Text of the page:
Rienks et al. carried out detailed studies of the atomic and electronic structure of bismuth telluride to which varying amounts of manganese had been added through a process called doping. They found that a small amount of doping (about 6% manganese) turns the topological insulator into a ferromagnet (as opposed to the antiferromagnet seen by Otrokov et al.). Rienks and colleagues also observed a tendency of doped bismuth telluride to form septuple layers, similar to those in crystalline manganese bismuth telluride, but separated by standard, quintuple layers of bismuth telluride. In addition, they studied manganese-doped bismuth selenide, which might have been expected to behave in the same way as its telluride counterpart, given that these compounds are similar topological insulators.

Rienks et al. found that manganese added to bismuth selenide does not have as strong a tendency to form layers as it does in bismuth telluride, and they showed that this structural difference has consequences for the magnetic structure and surface electrons. The telluride compound has a gap in energy between surface electron bands and has a magnetization that is perpendicular to the plane of the surface. By contrast, the selenide compound does not have this gap and has in-plane magnetization. The energy gap in the telluride compound disappears when the temperature is raised above the magnetic transition temperature. This connection between the energy gap and magnetism has been challenging to observe in other materials and samples.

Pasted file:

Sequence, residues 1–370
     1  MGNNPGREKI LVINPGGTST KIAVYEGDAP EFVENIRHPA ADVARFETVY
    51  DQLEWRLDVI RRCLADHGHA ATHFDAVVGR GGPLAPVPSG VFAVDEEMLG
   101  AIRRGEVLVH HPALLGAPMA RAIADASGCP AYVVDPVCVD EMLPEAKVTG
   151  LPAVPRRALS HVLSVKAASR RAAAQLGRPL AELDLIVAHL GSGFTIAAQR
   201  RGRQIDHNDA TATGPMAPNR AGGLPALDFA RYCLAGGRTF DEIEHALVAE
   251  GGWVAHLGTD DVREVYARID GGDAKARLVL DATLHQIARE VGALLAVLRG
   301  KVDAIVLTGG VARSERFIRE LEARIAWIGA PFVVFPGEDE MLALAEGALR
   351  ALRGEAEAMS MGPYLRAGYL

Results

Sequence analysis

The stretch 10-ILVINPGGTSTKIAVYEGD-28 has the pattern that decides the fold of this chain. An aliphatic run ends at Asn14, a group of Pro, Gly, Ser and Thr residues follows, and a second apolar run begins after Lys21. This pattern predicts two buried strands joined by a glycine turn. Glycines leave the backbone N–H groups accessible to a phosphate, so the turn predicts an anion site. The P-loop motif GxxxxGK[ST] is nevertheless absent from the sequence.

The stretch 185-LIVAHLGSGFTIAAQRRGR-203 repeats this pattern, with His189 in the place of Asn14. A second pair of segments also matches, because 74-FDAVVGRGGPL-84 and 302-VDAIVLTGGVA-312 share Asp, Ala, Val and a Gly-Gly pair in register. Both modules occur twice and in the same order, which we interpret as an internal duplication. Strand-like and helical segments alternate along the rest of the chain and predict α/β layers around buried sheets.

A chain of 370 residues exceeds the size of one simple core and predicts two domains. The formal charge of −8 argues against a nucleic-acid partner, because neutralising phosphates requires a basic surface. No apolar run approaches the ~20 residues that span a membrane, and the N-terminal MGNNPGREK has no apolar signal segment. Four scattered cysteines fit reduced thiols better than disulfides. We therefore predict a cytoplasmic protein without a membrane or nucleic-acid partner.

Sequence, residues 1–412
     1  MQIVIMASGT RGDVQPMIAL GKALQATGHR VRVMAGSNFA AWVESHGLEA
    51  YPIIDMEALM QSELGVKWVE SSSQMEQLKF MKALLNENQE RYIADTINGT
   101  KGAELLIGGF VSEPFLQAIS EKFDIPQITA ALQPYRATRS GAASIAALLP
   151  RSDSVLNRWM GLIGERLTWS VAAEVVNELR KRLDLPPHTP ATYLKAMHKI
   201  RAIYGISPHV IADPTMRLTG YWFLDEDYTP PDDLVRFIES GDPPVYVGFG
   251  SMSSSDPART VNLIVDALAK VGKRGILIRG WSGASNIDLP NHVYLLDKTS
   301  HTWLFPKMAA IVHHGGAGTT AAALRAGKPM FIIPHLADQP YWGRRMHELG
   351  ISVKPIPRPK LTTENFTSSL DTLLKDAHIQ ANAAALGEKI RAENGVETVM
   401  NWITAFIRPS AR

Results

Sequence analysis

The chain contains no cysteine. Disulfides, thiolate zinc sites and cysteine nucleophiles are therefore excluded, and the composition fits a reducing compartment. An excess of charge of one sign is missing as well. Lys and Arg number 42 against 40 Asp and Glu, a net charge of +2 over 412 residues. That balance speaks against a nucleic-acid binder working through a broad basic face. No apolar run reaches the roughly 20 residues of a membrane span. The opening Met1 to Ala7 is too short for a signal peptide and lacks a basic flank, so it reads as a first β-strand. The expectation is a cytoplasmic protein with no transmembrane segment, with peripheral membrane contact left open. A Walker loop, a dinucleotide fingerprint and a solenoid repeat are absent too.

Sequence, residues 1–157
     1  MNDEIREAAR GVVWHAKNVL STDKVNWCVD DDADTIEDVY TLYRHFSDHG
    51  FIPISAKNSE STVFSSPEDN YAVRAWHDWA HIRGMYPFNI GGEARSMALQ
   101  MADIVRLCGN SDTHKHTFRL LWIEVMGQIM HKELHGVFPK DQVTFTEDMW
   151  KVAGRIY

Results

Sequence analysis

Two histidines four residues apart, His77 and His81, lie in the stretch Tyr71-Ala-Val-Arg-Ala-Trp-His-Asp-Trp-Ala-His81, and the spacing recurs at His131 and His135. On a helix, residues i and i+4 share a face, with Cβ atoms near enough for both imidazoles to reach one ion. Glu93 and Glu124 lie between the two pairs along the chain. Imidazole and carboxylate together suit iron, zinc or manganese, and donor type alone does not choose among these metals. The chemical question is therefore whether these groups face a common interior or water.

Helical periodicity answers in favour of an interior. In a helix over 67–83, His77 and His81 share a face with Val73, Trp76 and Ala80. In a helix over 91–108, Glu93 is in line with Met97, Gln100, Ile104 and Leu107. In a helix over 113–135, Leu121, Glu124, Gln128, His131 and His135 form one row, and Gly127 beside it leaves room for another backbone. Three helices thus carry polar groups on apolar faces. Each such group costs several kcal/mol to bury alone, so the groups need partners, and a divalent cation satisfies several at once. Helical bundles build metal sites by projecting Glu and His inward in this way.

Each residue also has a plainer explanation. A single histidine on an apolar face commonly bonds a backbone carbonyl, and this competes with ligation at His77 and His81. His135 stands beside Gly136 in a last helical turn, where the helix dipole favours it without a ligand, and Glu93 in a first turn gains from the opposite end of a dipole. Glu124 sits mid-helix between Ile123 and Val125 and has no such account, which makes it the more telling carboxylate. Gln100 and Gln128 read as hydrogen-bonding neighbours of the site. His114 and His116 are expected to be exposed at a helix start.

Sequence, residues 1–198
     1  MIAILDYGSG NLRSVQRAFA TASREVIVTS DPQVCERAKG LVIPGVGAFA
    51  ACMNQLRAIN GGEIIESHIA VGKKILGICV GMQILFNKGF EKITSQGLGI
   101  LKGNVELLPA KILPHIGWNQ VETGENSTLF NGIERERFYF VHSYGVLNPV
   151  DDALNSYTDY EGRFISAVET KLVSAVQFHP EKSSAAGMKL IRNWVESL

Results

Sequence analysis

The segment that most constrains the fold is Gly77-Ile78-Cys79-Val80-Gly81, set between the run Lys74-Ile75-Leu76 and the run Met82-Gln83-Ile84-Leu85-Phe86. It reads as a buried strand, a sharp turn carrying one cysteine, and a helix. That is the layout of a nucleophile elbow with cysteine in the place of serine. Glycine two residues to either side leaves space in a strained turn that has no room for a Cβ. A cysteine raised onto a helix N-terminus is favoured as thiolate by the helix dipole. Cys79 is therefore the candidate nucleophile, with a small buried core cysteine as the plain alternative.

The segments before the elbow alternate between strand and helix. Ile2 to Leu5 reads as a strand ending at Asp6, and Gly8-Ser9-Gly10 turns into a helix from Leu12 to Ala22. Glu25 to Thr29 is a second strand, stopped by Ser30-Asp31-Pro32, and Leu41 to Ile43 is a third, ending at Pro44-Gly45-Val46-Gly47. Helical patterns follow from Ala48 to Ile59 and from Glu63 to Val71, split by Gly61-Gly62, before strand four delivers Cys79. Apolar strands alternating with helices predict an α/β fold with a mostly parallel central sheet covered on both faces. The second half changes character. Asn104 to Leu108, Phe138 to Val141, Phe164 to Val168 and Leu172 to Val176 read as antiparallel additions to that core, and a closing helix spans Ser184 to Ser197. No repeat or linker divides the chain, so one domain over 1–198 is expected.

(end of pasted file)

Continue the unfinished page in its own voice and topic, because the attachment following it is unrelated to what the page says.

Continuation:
A notable requirement for an antiferromagnetic topological insulator is that whether a surface has gaps (insulating) or does not (conducting) depends on the surface termination of the 3D crystal. This difference could be seen by producing other surfaces, or by looking at steps on a surface using scanning tunnelling microscopy. The combination of magnetic and topological behaviour observed in the current papers could lead to new spin-based electronic devices, because the topological aspects might, for example, improve how materials transport spin currents. There is an overlap in potential applications with a topological phenomenon called the quantum anomalous Hall effect (QAHE), which is generated using magnetic impurities in thin films of topological insulators10,11. Steps on the surface of an antiferromagnetic topological insulator produce the same perfectly conducting edge channels as in the QAHE.

The fact that manganese bismuth telluride is intrinsically magnetic, rather than having its magnetism result from randomly located impurities, as in current QAHE materials, could be advantageous. Key questions remain about how the magnetism varies between different samples of this material. In particular, it seems that both the magnetic transition temperature and the nature of the magnetic ordering between planes could vary, and that an applied magnetic field might be used to switch this ordering. At a more fundamental level, antiferromagnetic topological insulators are predicted to support, without applied electric or magnetic fields, a quantized electromagnetic response (one that comes in discrete units), known as axion electrodynamics6. The current papers show how the synthesis and theory of crystals that have various symmetries combine to reveal important types of electronic order.

Nature 576, 390-392 (2019)

doi: 10.1038/d41586-019-03831-7